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Shackles of Life and Phantoms of Death

The regional short film panorama, one of the competition programs at the Golden Apricot film festival, explores the diversity of topics and means of expression in Southwest Asian cinema. This year, alongside the Armenian shorts, the program included films from Georgia, Israel, Palestine, Kurdistan, Iran, Iraq, Jordan, and Egypt.

Water, Wind, Dust, Bread (Ջուր, քամի, փոշի և հաց)
Water, Wind, Dust, Bread, Zamanpoor Mahdi Kiasari

Water, Wind, Dust, Bread by Zamanpoor Mahdi Kiasari tells the story of a friendship between a boy with a disability and a girl deprived of a birth certificate. Despite the serious topics addressed in this documentary, the film is filled with the joys of childhood. Showing the world through children’s eyes is one of the well-known attributes of Iranian cinema.

Narges Judaki’s Bibijan addresses the dire situation of Afghan immigrants in Iran. Bibijan becomes a holy martyr when at the age of 13, right after her wedding night, she falls victim to her brother’s suspicions of promiscuous behavior and is violently killed by decapitation. We see the murderer: there is nothing repulsive about him. His words seem reasonable and convincing. As a true believer, who holds tradition and religion in high regard, he is naturally justifying his crime. There was no other way in the world of dreadfully barbaric “sacred” laws. 

Khadiga (Խադիգա)
Khadiga, Morad Mostafa

Khadiga by Morad Mostafa focuses on a young mother whose husband has moved to a remote city for work. The relentless pursuit of the camera, use of jump-cuts, and the turbulent life of Cairo create an overwhelming and anxious atmosphere. It’s as if you get into the character’s head and feel her unexpressed anxiety.

Through the graphic language of animation, Ahmad Saleh’s Night tells the agonizing story of a Palestinian woman who has lost her daughter. The protagonist is the personified night itself. Because of the war, the inhabitants of a ruined city can no longer sleep, but the night lulls them into slumber, bringing some peace, if only for a little while.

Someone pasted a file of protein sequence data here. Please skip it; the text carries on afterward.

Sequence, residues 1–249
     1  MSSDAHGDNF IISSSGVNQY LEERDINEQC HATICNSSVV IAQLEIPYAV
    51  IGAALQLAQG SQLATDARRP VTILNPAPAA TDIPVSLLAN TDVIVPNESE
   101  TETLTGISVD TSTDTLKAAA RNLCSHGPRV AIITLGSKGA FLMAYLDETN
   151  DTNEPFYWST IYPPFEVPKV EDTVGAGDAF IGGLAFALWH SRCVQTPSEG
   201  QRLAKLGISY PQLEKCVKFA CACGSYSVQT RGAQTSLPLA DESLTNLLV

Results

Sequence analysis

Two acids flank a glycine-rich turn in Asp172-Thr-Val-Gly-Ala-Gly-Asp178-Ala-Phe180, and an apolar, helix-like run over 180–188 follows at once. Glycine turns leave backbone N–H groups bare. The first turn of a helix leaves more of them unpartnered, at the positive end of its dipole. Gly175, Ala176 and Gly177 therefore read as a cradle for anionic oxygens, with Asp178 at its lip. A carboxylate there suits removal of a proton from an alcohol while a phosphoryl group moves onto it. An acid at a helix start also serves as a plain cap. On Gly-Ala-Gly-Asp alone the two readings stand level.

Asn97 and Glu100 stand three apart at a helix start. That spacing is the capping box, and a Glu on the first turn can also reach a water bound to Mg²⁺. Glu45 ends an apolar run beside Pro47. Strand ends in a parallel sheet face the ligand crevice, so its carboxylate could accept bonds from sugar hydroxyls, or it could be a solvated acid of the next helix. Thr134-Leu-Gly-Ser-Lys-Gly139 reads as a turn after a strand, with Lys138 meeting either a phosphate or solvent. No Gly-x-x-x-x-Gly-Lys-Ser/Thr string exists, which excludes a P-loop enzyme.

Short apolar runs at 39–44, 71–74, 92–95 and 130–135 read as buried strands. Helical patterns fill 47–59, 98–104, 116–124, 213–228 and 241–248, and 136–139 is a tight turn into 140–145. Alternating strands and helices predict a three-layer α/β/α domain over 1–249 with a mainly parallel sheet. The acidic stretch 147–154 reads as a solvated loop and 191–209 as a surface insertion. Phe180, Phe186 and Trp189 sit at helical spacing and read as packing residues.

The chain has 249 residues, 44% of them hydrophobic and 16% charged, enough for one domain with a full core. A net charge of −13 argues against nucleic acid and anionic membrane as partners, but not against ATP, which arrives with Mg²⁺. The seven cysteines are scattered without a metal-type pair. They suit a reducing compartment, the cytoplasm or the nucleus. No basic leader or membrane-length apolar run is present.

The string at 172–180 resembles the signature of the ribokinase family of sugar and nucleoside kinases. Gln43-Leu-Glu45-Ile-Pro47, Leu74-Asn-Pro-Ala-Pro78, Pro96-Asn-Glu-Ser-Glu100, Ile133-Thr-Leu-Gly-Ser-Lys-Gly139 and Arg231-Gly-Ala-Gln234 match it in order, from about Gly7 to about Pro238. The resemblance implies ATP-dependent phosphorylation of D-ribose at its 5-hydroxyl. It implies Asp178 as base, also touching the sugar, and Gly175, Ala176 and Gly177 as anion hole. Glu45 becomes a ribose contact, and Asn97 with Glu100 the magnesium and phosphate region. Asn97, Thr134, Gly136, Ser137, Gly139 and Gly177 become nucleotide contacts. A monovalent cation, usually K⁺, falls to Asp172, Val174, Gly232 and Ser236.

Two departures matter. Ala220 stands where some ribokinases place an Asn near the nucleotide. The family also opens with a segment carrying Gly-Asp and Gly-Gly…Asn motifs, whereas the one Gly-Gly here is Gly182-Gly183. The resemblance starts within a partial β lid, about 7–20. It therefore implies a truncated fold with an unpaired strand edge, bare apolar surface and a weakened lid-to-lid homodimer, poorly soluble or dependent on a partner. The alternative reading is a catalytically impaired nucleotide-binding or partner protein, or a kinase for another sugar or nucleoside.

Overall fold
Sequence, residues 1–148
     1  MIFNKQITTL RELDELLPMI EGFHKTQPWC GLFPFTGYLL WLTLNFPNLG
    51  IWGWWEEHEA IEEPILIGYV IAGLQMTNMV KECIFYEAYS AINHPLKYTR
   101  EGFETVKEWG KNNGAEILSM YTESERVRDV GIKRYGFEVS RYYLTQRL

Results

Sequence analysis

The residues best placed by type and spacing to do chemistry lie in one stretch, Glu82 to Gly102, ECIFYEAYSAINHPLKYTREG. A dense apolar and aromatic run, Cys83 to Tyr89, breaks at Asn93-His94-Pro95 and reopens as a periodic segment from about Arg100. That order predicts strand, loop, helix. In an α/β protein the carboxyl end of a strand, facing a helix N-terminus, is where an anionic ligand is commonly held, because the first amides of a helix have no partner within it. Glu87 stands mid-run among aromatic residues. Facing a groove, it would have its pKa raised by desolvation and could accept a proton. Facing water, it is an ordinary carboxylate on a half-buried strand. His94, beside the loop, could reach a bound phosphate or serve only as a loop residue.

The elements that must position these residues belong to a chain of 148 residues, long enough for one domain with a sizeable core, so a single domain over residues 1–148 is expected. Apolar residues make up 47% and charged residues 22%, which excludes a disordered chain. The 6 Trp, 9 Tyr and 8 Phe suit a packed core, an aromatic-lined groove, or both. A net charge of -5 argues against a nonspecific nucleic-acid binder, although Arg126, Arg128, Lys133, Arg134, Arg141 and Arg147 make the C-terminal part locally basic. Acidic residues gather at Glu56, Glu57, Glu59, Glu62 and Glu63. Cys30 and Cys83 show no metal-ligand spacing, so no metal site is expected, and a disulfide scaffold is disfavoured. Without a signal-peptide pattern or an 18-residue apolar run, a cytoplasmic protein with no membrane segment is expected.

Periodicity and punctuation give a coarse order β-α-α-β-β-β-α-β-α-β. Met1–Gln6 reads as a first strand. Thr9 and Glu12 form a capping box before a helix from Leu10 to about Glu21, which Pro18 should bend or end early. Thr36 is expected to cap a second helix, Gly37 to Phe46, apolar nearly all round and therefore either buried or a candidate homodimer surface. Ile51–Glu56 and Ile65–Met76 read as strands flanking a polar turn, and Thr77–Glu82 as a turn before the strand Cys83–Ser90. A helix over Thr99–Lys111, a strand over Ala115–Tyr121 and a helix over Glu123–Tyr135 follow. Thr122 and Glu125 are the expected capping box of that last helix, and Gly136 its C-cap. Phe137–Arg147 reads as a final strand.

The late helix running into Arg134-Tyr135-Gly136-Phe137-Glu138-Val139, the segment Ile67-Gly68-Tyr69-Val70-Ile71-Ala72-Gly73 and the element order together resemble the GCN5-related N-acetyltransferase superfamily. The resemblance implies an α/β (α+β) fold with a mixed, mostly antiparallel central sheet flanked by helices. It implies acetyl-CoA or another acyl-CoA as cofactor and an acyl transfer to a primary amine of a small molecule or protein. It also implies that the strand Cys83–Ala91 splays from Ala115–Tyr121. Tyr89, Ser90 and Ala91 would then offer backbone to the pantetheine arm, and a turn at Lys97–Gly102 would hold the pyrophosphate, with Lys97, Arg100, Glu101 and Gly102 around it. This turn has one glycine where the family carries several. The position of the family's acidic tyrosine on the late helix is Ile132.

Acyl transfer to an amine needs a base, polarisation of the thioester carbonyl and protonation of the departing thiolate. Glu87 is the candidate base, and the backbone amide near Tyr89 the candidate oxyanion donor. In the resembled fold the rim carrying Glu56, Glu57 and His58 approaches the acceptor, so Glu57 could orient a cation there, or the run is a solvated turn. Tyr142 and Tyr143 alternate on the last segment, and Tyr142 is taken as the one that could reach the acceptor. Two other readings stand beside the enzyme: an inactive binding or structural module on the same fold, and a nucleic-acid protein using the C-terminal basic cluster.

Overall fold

From the Mountain (Սարից)
From The Mountain, Faisal Attrache

From The Mountain by Faisal Attrache is about The Great Syrian Revolt that arose in Transjordan in the 1920s. But the leader of the rebellion, Sultan al-Atrash, is not portrayed as a stereotypical national hero. We see his personal traits and relationships with family members. The author is the direct descendant of al-Atrash, so the film can be regarded as a unique representation of family history.

In The Exchange by Israeli director Nimrod Raif, two brothers set off to say goodbye to their dying grandmother. The brothers don’t seem to have anything in common: one is a loser, living a marginalized life, while the other is a confident and pragmatic conformist. However, the invisible bond between the blood relatives is much more powerful: the death of a family member reminds them of common heritage and shared destiny.

The Dead Will Understand by Ana Jegnaradze and Marita Tevzadze follows the life of people in a small Georgian village amidst the pandemic. The new reality forces them to reconsider certain traditions and even disregard some religious norms that contradict the objective reality. The villagers even abstain from going to the cemetery at Easter: “The dead will understand”.

Laboratory # 2 (Լաբորատորիա թիվ 2)
Laboratory # 2, Edris Abdi, Awara Omer

Death is both a metaphysical phenomenon and a biological process, an object of scientific research. The film Laboratory # 2, shot in Kurdistan by Iraqi director Edris Abdi and Iranian director Awara Omer, is about a man who has worked at a university mortuary for many years. In this strange place of coexistence of life and death, one’s best friend is the body donated to science.

Subtotals (Ենթագումարներ)
Subtotals, Mohammadreza Farzad

Golden Apricot winner, the poetic film essay Subtotals by Mohammadreza Farzad starts with a citation from The Little Prince, “Grown-ups like numbers”. For seven years, the director had been collecting footage from Iranian family archives. Characters appearing on an 8mm film are not real people anymore. With the help of hypnotic narration, they testify to the universal human experience.